Commissioners send pro-industry 5G code for public comment without addressing citizen stakeholder claims
When Thurston County’s Board of County Commissioners created a stakeholder committee to provide additional input on zoning changes to rural wireless facilities, hopes were high among the private citizens in the group that the safest and most conservative decisions would be made to protect public health and property values.
After their recommendations were either ignored or otherwise overruled at the BoCC meeting on the topic in October, citizen participants now wonder why measures they advocated were not addressed. Were they too inconvenient, too costly, or too likely to result in litigation?
In addition to citizen members, the committee is composed of two planning commissioners, an attorney for Verizon Wireless, a lobbyist for AT&T, and two wireless consultants, both attorneys from the same firm retained by the county.
The citizen stakeholders made over 40 recommendations, including specific suggestions for height restrictions on 5G towers, buffer zones around residential properties, noise limits and limits to groupings of towers that increase signal strength. Of these, 22 were presented to the planning board as high-priority items. Three recommendations were made by industry representatives on the committee. All the recommendations, stakeholders say, fall within federal law and FCC guidelines, which are open to interpretation by regional governing bodies.
Planning board members, who had been tasked with studying the proposed zoning changes and making recommendations to the County Commissioners (BoCC), requested additional information from staff on the 22 items. They were told by staff that the bulk of the recommendations would require consideration by the BoCC, not the planning board.
The Planning Commission could include an advisory in their recommendations to the BoCC, but were told they would not be able to discuss proposals to the draft wireless code related to the bulk of citizen recommendations. Specifically, anything that resulted in increased staff time, use of the right-of-way for wireless facilities—or anything requiring legal consideration—would not be up for discussion by the Planning Commission. Suggestions by several Thurston County Planning Commissioners were also ignored, prompting them to submit a Minority Report outlining their disagreements with the majority response.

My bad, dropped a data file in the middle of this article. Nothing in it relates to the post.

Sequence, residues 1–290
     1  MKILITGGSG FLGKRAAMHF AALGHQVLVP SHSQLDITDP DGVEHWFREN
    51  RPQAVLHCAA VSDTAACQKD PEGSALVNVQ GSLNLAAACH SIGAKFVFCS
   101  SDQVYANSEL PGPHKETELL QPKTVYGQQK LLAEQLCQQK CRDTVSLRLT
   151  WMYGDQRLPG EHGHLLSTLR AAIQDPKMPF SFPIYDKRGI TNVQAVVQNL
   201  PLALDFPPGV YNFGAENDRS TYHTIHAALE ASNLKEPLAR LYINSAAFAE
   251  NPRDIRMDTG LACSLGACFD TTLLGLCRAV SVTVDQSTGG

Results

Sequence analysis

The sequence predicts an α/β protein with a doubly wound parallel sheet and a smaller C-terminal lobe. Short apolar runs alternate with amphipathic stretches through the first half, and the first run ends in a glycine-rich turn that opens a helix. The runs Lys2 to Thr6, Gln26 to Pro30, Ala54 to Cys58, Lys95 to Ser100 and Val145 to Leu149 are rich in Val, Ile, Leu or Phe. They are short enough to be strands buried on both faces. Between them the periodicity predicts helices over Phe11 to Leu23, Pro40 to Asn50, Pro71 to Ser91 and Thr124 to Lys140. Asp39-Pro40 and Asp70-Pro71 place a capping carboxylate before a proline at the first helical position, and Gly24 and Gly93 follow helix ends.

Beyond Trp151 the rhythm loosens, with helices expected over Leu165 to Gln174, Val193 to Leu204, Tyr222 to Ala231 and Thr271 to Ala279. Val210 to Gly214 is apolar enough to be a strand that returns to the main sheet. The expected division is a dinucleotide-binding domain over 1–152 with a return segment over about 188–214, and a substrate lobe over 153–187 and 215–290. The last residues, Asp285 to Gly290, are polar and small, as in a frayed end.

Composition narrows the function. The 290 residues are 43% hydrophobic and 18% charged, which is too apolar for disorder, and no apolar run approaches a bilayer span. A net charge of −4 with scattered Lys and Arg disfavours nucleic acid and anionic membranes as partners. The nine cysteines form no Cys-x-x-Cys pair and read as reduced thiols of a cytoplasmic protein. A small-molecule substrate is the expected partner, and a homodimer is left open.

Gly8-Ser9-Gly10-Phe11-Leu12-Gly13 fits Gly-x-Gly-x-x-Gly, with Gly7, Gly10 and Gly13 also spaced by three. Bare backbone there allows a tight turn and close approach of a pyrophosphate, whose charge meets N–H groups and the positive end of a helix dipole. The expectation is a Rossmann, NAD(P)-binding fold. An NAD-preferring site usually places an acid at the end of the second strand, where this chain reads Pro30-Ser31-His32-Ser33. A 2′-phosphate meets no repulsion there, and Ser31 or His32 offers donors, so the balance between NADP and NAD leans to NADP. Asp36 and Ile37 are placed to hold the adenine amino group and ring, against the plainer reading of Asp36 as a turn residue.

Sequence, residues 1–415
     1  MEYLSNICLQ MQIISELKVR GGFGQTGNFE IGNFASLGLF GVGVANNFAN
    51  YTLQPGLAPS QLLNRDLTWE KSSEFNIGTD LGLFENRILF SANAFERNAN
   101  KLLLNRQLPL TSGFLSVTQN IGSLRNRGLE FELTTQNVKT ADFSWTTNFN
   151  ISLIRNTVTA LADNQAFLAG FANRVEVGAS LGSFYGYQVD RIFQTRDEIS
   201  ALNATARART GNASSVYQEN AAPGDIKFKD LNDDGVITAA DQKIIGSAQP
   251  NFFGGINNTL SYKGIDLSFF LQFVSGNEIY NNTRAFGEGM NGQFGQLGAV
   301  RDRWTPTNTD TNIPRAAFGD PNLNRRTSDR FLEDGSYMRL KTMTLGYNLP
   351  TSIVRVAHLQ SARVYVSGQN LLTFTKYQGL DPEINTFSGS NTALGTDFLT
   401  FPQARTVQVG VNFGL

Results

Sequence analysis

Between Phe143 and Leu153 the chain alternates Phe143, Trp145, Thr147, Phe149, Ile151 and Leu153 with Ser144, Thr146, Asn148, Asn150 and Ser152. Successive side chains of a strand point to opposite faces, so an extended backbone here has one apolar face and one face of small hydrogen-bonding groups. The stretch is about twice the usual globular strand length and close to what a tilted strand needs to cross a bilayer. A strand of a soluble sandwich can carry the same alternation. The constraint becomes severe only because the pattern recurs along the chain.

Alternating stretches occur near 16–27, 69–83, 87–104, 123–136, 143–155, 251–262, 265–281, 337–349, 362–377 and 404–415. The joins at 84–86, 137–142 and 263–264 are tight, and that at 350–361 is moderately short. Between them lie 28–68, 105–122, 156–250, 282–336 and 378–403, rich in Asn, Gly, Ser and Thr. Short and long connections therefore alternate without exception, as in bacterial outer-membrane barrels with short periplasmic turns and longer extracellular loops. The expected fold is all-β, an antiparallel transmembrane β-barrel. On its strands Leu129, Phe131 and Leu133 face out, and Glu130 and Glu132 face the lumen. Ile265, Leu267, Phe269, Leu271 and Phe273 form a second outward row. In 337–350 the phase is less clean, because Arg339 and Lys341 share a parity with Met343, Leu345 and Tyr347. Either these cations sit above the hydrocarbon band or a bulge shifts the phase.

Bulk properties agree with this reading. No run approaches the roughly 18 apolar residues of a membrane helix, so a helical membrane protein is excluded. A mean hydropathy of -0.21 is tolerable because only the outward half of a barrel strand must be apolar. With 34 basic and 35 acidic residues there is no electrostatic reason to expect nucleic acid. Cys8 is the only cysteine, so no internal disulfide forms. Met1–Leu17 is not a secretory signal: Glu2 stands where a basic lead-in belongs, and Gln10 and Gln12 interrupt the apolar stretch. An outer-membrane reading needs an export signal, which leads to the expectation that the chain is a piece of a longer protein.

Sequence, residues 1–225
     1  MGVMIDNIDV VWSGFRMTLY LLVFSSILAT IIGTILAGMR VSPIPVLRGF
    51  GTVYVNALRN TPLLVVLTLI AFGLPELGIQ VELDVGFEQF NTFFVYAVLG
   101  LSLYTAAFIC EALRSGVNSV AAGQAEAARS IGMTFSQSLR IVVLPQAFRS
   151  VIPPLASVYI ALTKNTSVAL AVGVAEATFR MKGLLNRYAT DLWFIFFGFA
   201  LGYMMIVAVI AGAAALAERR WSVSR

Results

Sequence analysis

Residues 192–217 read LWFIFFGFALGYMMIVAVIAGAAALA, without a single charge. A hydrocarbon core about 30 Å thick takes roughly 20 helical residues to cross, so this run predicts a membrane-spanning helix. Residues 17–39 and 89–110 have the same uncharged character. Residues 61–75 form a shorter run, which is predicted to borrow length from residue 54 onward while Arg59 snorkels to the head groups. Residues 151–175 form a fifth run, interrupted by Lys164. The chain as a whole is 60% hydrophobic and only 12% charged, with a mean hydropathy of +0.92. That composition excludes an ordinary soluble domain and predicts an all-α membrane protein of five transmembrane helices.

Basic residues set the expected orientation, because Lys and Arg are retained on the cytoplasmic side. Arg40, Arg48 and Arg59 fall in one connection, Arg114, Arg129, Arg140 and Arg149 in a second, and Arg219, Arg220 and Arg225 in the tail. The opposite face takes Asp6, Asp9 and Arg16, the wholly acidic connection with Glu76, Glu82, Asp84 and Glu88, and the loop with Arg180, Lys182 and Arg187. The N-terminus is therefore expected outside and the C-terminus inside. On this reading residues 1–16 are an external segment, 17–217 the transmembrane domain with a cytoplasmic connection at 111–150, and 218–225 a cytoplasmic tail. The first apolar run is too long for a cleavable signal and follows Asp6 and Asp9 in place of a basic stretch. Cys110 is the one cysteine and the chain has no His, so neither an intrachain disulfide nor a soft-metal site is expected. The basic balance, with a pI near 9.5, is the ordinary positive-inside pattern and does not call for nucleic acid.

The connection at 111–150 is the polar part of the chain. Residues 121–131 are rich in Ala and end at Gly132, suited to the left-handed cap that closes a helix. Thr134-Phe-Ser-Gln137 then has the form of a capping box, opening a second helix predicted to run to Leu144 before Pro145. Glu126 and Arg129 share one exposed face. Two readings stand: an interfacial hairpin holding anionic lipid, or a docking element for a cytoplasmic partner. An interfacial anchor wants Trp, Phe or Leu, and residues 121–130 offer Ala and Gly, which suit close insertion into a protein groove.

Concerns of the citizen stakeholder members and several planning commissioners include:
• Lack of setbacks from a home (wireless facilities can be as close as 10’ to residential dwellings)
• Lack of notice (homeowners usually receive no notice except for a sign at the site three days before installation, even if it’s in the front yard of their dwelling)
• No required safety testing for compliance with FCC radiation limits
• No ability to comment on the majority of facility installations
The wireless facilities guidelines the staff and hired consultants prefer to follow, the majority of which the planning commissioners ultimately supported, are based on a largely pro-industry interpretation of FCC rules which are themselves interpretations of federal law. There is wide disagreement among legal professionals on both the interpretation of FCC rules and which of those rules actually comply with federal law. Stakeholders say the county staff’s unwillingness to adequately consider or convey their proposals is due to its reliance on advice from the group’s wireless industry representatives.
As one citizen stakeholder commented, “Many of the things the staff doesn’t want to include have no conflict whatsoever with FCC rules or federal law, they just mean a bit more work or process change for staff, like allowing public comment on all facility installations, requiring applicants to give notice to nearby residents, or doing radiation testing.”
At the October meeting, Tye Menser, vice chair of the BoCC, referenced recent code changes implemented in Langley, Washington, as proof that more equitable approaches to balancing public and private agendas are possible. That code was written by one of the country’s top wireless attorneys, Andrew Campanelli, who the citizens on the stakeholder group also consulted in drafting their recommendations.
Privately, citizen stakeholders are wondering whether the staff’s actions have more to do with avoiding a lawsuit by powerful wireless companies who might challenge their decisions and result in costly legal fees, than doing what is right for the community or technically required.
“Lawsuits from the industry can only result in an order of compliance, no fines or other penalties are allowed. However, lawsuits from community members could result in significant fines. The county’s primary responsibility is the protection of its citizens, not the avoidance of nuisance lawsuits from industry,” a member told WIP. After the October wireless work session, citizen stakeholder members met with Menser to elaborate on their concerns.
At a subsequent BOCC work session on November 9, the staff presented additional information regarding the wireless code and claimed the Langley code was largely inconsistent with federal law. Menser asked several questions about the board’s latitude within federal law, which the staff was largely unable to answer. Ultimately, two of the three Commissioners voted to move ahead with a public hearing, with Commissioner Menser abstaining. A public hearing date will be set at a later meeting.
View the recommendation from the citizens on the wireless stakeholder committee as well as the draft code, at Thurston Sensible Wireless.